Custom Commands and Telemetry
When opening the ArxRobot application, the first thing to notice is the Direction-Pad (D-Pad), or the arrow keys, on the screen. The ArxRobot application will be used to completely control the 3DoT robot manually. What about the commands specific to the robot being programmed? How can an LED be turned on manually? How can the stance of the robot be set to appear aggressive or defensive? In this section, it will discuss how to create custom commands and type of custom commands available on the ArxRobot. For more information on Arxterra Custom Commands and Telemetry, check out the Arxterra YouTube Channel.
This section assumes that the basic set up with the ArxRobot application has been reviewed. If not, start with the section “03 – Getting Started with Arxterra”. Start with opening up the ArxRobot on a mobile device. Enable “Developer Mode”, which allows the user to edit the interface of the control panel. Open the developer options, located on the left of the “Developer Mode” represented as a gear. Click on the option “Custom Command & Telemetry Configuration”, which will direct the user to a screen titled “Custom Entity Definitions” as shown in Figure 10.1. On this screen, it is possible to create all user custom commands.
In the following sections, we will look at each of these seven (7) Arxterra custom command data types.
|Arxterra Data Type||Command Widget||Telemetry Widget|
|● Select||Radio Button or Drop Down Menu|
|● Byte and Unsigned Byte||Slider or Stepper||Text Box|
|● Short and Unsigned Short||Slider or Stepper|
Figure 10.7: Command set to appear on both the control panel (Figure 10.6) and Phone App.
In this next example, we look at a drop-down widget as it would appear with a “Telemetry” flow protocol (left image above) on the control panel and a “Command and Telemetry” protocol (right image).
Figure 10.9 Drop down list Example with Telemetry (left) and Command and Telemetry (right) flow protocols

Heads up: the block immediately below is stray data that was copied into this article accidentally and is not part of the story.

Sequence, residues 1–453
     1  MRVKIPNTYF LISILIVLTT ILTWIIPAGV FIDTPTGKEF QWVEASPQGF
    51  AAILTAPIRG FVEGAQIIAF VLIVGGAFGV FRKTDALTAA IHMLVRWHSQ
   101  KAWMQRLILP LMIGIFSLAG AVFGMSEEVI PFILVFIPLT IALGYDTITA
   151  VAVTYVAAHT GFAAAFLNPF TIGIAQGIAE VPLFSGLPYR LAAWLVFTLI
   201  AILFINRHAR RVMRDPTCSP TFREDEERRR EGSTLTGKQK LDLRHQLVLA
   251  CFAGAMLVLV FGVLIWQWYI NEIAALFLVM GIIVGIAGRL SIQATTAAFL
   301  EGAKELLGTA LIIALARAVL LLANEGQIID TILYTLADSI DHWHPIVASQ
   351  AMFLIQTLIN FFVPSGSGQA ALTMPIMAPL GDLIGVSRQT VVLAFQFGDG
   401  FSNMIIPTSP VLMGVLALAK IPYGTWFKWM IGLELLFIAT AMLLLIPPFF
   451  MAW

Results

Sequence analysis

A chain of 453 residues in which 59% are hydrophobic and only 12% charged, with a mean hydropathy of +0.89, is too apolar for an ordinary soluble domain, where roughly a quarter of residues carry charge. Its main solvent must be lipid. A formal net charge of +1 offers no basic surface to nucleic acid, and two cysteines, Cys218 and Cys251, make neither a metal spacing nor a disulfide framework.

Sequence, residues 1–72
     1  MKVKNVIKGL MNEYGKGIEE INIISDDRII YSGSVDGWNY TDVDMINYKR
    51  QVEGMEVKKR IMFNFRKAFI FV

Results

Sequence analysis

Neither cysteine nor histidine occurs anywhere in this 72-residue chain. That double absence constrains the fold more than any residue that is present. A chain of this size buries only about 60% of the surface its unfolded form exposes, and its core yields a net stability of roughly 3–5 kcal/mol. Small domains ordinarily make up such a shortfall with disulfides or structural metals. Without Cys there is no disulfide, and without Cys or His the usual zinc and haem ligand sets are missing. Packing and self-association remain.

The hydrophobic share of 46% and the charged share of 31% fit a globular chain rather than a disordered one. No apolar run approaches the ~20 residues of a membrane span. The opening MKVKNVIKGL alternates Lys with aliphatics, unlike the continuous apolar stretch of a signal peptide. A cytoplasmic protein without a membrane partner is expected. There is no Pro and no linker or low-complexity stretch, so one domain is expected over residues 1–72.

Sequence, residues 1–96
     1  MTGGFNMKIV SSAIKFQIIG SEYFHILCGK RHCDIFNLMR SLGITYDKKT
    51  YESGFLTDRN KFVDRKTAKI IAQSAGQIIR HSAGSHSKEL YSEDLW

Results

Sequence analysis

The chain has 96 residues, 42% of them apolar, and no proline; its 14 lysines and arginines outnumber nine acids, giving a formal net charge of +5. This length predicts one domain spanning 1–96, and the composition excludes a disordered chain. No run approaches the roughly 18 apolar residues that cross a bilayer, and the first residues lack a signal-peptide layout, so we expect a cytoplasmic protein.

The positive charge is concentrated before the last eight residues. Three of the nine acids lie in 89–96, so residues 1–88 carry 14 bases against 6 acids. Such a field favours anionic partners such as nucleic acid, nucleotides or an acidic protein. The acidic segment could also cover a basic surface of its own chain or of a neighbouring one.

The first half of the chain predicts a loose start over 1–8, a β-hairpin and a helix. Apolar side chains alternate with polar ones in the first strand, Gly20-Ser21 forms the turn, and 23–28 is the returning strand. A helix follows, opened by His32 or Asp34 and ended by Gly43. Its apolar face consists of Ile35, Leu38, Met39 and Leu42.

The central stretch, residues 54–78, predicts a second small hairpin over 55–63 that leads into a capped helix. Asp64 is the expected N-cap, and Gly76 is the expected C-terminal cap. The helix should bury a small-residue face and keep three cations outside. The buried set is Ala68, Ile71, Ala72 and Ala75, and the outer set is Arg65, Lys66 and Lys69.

Byte and Unsigned Byte Command and Telemetry
The Byte and Unsigned Byte will be covered together as both command and telemetry types are very similar to one another with only one major difference between them. The Byte and Unsigned Byte command offers the ability to select or display any integer value between specified ranges. The Byte offers ranges from -128 to 127 while the Unsigned Byte offers ranges from 0 to 255. The main difference between the two is solely the range. As the developer of your robot, choose the most appropriate values for your design. An example on how to choose is by asking yourself if your custom command will be needing values in the negative range. Again, this type of command will only give one output, but of many options.
Data entry is by a slider or a stepper widget. As a telemetry channel data is displayed as gauge (default) or in a box.
Figure 10.11: Byte Data Type implemented as Slider (left) and Stepper (right) widgets
Short and Unsigned Short Command
The purpose of the heading or separator is to create a more user-friendly custom command interface for the user. The heading acts as a title to show a grouping of certain custom commands. The separator is an empty bar to create a more visual separation between two commands.
The figure below shows the difference between the Heading and a Separator. The Separator is essentially a heading without any text in it.
Figure 10.13: Difference between a Heading and a Setting.
Properties for Heading/Separator
- Label: Give the command a name. Leaving an empty label will cause the heading to function as an unlabeled Separator.
- Tip: Include a hover over tip for the control panel if desired.
The example shown in Figure 10.14 creates a separator named “Types of Slider.” Notice that in order to create a separation between custom commands, you have to change the position of the command in the Custom Entity Definitions window. Also keep in mind, there is no command ID sent to the microcontroller when using a Heading/Separator. This header/separator is only used for cosmetic purposes, hence the reason the heading is given an entity ID beyond the custom command ID limits of 0x40 to 0x5F.
Figure 10.14: Example of a Separator
Design your Control Panel
Now that we have covered all the types of custom commands available, think about what type of custom commands or telemetry will your system be using. Keep in mind that some of the custom commands or telemetry may have already been included by the 3DoT library, so take a look at what is already defined in the Commands and Telemetry table located in the Configure.h file of the Robot3DoTBoard folder. A good example of redundant custom commands is creating a custom turn command. Since the ArxRobot app already provides a D-pad for movement, simply modifying the move command in the 3DoT library is a more logical choice. A good example of this can be found in the Robot3DoTBoard folder under the examples folder as “Robot_3DoT_TeleComm”. Fortunately, the ArxRobot mobile app has made creating custom commands a very user-friendly process as there is minimal coding knowledge required. While you are creating your custom commands, refer to this chart for identifying the appropriate command type.